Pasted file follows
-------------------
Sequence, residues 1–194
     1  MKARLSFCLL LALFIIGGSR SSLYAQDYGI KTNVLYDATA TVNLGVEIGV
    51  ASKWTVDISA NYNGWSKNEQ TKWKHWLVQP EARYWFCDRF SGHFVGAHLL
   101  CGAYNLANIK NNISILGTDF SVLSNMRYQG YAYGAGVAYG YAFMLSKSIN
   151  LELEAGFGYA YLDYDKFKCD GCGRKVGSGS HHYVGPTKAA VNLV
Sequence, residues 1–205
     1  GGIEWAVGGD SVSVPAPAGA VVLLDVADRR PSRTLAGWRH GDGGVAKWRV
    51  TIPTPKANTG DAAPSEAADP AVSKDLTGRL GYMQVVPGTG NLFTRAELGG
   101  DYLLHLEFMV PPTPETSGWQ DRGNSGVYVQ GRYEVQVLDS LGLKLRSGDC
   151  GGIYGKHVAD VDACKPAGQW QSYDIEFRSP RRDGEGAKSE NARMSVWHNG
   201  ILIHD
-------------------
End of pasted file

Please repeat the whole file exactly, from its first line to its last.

Sequence, residues 1–194
     1  MKARLSFCLL LALFIIGGSR SSLYAQDYGI KTNVLYDATA TVNLGVEIGV
    51  ASKWTVDISA NYNGWSKNEQ TKWKHWLVQP EARYWFCDRF SGHFVGAHLL
   101  CGAYNLANIK NNISILGTDF SVLSNMRYQG YAYGAGVAYG YAFMLSKSIN
   151  LELEAGFGYA YLDYDKFKCD GCGRKVGSGS HHYVGPTKAA VNLV
Sequence, residues 1–205
     1  GGIEWAVGGD SVSVPAPAGA VVLLDVADRR PSRTLAGWRH GDGGVAKWRV
    51  TIPTPKANTG DAAPSEAADP AVSKDLTGRL GYMQVVPGTG NLFTRAELGG
   101  DYLLHLEFMV PPTPETSGWQ DRGNSGVYVQ GRYEVQVLDS LGLKLRSGDC
   151  GGIYGKHVAD VDACKPAGQW QSYDIEFRSP RRDGEGAKSE NARMSVWHNG
   201  ILIHD